The talks took place at the Filoli Estate in Woodside, California, on the sidelines of the Asia-Pacific Economic Cooperative conference.
Emerging from their first face-to-face meeting in a year, US President Joe Biden and China's Xi Jinping vowed to stabilise their fraught relationship.
But there were still deep differences on economic competition and global security threats.
The most assuring takeaway from the meeting for Biden was that if either man had a concern, "we should pick up the phone and call one another and we'll take the call. That's important progress," he said in a news conference following the talks.
Another positive sign: Xi signalled later Wednesday that China would send the US new pandas, just a week after three from the Smithsonian National Zoo were returned to China much to the dismay of Americans. There are only four left in the United States - at the Atlanta Zoo, and their loan agreement expires next year.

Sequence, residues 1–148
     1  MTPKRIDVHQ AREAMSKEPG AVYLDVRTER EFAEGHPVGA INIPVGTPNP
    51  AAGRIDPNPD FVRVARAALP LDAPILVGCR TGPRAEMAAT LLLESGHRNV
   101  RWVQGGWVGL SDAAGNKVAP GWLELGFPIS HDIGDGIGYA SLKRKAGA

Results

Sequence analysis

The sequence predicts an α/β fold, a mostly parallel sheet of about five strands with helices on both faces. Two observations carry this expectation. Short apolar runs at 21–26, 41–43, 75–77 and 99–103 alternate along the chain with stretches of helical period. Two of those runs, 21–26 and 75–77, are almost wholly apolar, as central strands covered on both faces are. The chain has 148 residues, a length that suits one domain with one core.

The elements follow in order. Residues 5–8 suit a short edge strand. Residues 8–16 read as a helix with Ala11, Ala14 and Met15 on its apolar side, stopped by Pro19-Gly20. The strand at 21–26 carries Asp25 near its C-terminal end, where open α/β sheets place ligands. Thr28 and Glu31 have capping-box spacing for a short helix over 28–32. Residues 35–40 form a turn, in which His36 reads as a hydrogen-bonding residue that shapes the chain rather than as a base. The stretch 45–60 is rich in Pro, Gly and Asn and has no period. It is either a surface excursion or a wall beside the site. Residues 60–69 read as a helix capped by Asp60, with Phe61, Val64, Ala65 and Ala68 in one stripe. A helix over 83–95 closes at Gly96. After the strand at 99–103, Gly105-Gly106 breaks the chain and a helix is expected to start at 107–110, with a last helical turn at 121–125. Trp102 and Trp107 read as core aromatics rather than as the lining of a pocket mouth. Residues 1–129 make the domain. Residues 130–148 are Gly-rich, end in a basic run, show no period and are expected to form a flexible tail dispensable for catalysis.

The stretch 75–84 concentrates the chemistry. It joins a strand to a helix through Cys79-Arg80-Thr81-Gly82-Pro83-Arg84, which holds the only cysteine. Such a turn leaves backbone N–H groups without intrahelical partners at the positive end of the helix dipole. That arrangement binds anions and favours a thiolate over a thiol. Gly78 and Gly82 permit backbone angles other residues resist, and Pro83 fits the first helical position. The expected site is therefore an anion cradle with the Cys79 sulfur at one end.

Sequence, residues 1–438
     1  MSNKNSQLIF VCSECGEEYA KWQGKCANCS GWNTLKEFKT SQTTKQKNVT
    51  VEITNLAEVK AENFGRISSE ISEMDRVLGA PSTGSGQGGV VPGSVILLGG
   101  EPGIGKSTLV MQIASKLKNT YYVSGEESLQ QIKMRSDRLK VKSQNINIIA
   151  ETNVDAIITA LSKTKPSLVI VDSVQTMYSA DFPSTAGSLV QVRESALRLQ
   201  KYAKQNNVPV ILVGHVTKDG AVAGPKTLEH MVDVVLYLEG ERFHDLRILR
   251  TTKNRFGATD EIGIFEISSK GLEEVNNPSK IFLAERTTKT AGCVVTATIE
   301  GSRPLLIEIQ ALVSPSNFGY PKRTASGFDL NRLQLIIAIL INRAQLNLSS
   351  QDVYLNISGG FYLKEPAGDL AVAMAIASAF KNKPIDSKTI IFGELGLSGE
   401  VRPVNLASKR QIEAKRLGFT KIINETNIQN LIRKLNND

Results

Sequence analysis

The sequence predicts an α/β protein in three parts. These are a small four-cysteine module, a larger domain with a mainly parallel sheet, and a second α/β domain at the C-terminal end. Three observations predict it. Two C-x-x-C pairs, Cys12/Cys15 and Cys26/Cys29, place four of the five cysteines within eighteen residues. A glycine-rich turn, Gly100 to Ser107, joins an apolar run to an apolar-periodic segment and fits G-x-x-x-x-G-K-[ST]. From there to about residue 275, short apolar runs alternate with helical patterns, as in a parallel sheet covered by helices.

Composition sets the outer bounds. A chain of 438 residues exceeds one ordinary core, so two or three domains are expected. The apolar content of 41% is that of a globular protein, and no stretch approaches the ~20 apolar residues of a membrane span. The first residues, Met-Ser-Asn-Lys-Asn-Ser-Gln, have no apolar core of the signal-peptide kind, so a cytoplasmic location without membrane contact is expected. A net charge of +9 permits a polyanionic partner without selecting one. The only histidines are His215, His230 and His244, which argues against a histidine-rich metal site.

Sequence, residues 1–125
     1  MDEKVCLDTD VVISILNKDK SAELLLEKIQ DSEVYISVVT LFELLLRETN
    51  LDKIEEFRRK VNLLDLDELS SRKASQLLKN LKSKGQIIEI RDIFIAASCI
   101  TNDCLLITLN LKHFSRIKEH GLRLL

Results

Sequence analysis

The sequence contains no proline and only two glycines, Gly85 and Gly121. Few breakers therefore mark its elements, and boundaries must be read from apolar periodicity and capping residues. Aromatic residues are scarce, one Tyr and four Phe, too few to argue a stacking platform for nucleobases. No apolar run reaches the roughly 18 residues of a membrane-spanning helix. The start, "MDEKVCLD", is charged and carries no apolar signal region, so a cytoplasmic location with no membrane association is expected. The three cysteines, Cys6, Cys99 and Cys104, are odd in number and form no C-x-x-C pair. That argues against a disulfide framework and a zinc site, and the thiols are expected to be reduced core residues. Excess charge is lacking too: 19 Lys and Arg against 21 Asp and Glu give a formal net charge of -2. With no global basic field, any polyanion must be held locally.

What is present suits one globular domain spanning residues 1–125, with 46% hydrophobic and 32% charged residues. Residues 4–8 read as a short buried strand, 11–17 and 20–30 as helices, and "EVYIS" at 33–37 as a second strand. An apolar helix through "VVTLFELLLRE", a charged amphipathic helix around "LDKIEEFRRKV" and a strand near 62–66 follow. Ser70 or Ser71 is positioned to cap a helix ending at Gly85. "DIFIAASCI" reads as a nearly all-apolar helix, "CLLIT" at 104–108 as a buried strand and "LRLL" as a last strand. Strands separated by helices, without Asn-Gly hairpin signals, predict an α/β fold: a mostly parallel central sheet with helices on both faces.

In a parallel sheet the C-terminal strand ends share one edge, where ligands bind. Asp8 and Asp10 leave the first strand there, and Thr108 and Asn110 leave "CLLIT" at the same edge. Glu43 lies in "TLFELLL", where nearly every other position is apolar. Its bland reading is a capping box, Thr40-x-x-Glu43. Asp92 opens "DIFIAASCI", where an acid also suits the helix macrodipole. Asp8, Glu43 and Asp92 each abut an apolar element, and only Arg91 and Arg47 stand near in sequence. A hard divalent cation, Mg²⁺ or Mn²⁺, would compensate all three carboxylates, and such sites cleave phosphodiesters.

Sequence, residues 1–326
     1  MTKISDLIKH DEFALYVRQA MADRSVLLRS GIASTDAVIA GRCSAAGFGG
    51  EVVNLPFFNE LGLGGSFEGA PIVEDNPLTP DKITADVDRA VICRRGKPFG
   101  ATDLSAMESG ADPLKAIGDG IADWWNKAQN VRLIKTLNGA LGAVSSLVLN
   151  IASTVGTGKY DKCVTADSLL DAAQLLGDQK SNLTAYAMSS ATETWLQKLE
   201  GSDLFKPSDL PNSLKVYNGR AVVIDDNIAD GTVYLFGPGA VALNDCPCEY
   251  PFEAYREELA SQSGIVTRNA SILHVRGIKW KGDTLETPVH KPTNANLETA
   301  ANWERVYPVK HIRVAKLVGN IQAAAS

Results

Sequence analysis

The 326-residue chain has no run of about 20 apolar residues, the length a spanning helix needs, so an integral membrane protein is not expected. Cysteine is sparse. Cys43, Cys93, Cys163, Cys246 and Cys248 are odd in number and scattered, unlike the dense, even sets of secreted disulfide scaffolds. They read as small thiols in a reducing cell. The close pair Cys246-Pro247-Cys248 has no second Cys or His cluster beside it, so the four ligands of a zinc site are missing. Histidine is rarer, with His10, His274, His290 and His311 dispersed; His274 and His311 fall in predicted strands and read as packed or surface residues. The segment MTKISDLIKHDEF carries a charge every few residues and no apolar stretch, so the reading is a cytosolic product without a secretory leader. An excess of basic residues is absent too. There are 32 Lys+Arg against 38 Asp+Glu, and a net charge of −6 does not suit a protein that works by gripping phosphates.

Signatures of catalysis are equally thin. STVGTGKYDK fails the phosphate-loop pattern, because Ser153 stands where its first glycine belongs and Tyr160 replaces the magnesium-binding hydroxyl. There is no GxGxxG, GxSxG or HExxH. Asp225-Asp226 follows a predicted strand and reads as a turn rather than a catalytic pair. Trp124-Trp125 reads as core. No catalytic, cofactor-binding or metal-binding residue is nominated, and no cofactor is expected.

The two leaders spent four hours together at a bucolic Northern California estate - in meetings, a working lunch and a garden stroll - intent on showing the world that while they are global economic competitors they're not locked in a winner-take-all faceoff.
"Planet Earth is big enough for the two countries to succeed," Xi told Biden.
The US president told Xi: "I think it's paramount that you and I understand each other clearly, leader-to-leader, with no misconceptions or miscommunications. We have to ensure competition does not veer into conflict."
Their meeting, on the sidelines of the annual Asia-Pacific Economic Cooperation conference, has far-reaching implications for a world grappling with economic cross currents, conflicts in the Middle East and Europe, tensions in Taiwan and more.